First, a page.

Asperger's, Asperger's syndrome, Aspie, autism, autism spectrum, children, fae, fairy, fiction, hobs, kids, Kristina Wojtaszek, moms who write, motherhood, parent bloggers, parental advice, self doubt, social disorders, Solomon's Friend, World Weaver Press
Today I’m going to tell a true story, which is something I don’t often do. It’s actually the story behind the fantasy fiction piece I wrote for Fae, but it’s true nonetheless. In fact, when my editor made me aware of the call for submissions to a new fairy anthology, I had a good long stare down with my email, debating whether or not to close it out and dismiss the whole idea, cutting yet another distraction from my non-life. Because at that time, I was doing little more than what was necessary to survive each day. In fact, I was in such a state of depression that I doubted I could write anything worthwhile, especially a work of fantasy. Fairies? What place did they have in my gray day to day, where I felt I was no longer cutting it as a mom?
Being an active stay at home mom is by far the toughest job I’ve ever had. Add to that a medical condition that causes unrelenting pain and fatigue and almost 1300 miles between myself and the loving support of the rest of my family, and I was emotionally overwhelmed at best. But what had me on the verge of a break down was the fact that I felt utterly incapable of connecting with my 6 year old son. Melt downs, panic attacks, and blowups were daily occurrences, and they weren’t all mine. You see, my son falls into that blurry area of the autistic spectrum that isn’t quite autism; he’s a wickedly smart, deceivingly social, big-eyed cutie who happens to have Asperger’s syndrome. And I’m a highly emotional, overly sensitive, disturbingly imaginative neurotypical. Misunderstandings are par for this course, and at the time that I wrote Solomon’s Friend, we were experiencing them on an almost hourly basis.
But I couldn’t let the fearie realm slip entirely from my grasp. Besides, I desperately needed an outlet for all the motherly guilt that was welling up inside of me, and in stepping away and attempting to view our relationship from an outsider’s perspective, I finally found a voice of reason. I put that voice in the guise of a smart-mouthed hob whose sage advice was everything I needed to hear myself. While not everything Solly does and says in the story is something my own son has said or done, his mother, Kadie, is a true reflection of me. And I suspect she has a lot in common with other parents of children on the spectrum; namely self doubt, guilt, gnawing worry, isolation and uncertainty for the future. In allowing my other-worldly hob his cynicism of the typical human, I was able to view my son, and myself, as something more than imperfect.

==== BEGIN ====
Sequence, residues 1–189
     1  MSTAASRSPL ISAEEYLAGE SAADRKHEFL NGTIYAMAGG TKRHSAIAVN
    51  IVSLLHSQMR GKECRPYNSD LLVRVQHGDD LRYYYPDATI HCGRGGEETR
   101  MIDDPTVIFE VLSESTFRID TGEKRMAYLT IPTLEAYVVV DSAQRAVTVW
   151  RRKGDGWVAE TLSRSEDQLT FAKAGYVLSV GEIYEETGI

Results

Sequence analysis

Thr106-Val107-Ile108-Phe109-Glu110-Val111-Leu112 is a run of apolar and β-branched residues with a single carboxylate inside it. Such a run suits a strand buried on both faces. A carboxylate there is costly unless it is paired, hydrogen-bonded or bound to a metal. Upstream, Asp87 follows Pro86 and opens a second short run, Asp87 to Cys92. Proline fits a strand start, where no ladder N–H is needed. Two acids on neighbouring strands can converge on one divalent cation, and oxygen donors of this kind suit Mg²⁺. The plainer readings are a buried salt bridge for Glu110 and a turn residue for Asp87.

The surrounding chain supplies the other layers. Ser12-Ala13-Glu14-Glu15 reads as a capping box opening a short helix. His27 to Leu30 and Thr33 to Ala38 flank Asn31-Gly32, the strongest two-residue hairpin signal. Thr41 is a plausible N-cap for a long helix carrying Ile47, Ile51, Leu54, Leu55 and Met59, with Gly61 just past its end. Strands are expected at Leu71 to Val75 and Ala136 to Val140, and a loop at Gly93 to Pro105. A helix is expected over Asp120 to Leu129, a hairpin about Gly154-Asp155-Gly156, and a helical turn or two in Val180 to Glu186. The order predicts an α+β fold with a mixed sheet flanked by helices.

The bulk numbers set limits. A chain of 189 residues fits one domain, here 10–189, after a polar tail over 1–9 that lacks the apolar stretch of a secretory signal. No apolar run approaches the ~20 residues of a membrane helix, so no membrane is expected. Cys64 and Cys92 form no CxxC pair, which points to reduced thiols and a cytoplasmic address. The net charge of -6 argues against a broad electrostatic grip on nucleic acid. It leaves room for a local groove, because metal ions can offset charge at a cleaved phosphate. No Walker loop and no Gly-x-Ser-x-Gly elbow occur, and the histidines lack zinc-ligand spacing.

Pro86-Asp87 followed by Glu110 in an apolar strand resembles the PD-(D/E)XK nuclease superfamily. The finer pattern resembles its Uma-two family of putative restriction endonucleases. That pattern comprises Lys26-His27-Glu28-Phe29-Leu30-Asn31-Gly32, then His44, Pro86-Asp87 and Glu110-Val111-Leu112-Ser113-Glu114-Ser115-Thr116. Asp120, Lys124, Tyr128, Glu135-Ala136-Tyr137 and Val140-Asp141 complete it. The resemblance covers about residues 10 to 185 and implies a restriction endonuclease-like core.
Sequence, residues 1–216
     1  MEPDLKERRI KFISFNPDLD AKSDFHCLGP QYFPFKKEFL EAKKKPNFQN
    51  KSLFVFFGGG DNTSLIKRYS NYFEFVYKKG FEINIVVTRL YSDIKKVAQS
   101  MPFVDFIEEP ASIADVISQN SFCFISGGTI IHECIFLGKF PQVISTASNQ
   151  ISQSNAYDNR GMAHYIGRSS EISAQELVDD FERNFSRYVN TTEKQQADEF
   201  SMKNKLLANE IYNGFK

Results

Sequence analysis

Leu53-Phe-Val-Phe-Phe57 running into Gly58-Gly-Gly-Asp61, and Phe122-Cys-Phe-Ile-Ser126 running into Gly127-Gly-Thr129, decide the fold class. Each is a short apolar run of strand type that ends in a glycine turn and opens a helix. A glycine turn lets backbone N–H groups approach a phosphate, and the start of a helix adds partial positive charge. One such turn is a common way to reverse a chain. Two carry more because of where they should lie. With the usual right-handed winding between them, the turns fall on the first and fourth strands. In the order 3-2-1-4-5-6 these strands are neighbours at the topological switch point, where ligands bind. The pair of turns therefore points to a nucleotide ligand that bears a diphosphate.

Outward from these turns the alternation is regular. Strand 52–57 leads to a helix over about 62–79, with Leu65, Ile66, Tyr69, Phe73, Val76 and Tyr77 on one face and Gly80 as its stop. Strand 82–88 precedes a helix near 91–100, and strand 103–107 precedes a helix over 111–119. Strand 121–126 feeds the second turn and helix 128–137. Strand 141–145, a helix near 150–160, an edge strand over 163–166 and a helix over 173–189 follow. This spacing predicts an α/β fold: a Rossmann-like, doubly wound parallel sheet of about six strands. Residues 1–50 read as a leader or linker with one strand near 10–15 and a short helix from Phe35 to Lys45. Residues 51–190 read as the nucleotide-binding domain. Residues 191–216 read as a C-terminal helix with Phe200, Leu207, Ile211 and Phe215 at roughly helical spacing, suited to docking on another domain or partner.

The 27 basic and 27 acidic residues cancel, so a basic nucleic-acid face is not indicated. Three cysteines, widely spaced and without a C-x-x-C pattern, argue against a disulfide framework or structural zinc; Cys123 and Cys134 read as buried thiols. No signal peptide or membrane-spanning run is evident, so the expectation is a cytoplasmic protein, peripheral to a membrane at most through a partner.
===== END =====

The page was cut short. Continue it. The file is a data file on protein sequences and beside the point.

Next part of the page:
I think this is an extremely important thing for parents of children on the spectrum to do– to take a big step back from the advertised “norms” of society and open our eyes to a new perspective. Because it doesn’t take more than an online connection to become overly aware of the social norms of childhood today. You’d have to be a cave dweller to not be aware of every developmental milestones and all the screenings that are obsessed over from the moment your child is born. Meanwhile, all our parent friends are loading up our Facebook news pages with picture-perfect updates of their own children (who are all doing splendidly in school, at home, and in every sport, class or project they encounter). And asking Google for the simplest kid-friendly advice will inundate you with child-oriented advertising and thousands of overly energetic parent-bloggers and Pinterest goddesses who have all the time and patience in the world to do things right. Is it any wonder that we see the differences in our own children as glaring failures? And those perceived failures are burdened by us alone, usually in silence, as we turn our lives inside out in an often unsupported effort to help them.
I don’t have many answers myself, and the day to day frustrations and communication gaps are still an ongoing part of life with my son, but I’m challenging myself to find the amazing in our relationship, and I am ever grateful for those parents and online communities who do engage in honest dialogue about raising children on the spectrum. Though it’s only a bit of fairy-inspired fiction, I hope my story is yet one more honestly encouraging tale for parents that can relate, allowing them to see beyond the glamour of social stigmas, and to realize what Hobby already knows; that they’ve been doing the best for their children all along, simply by loving them.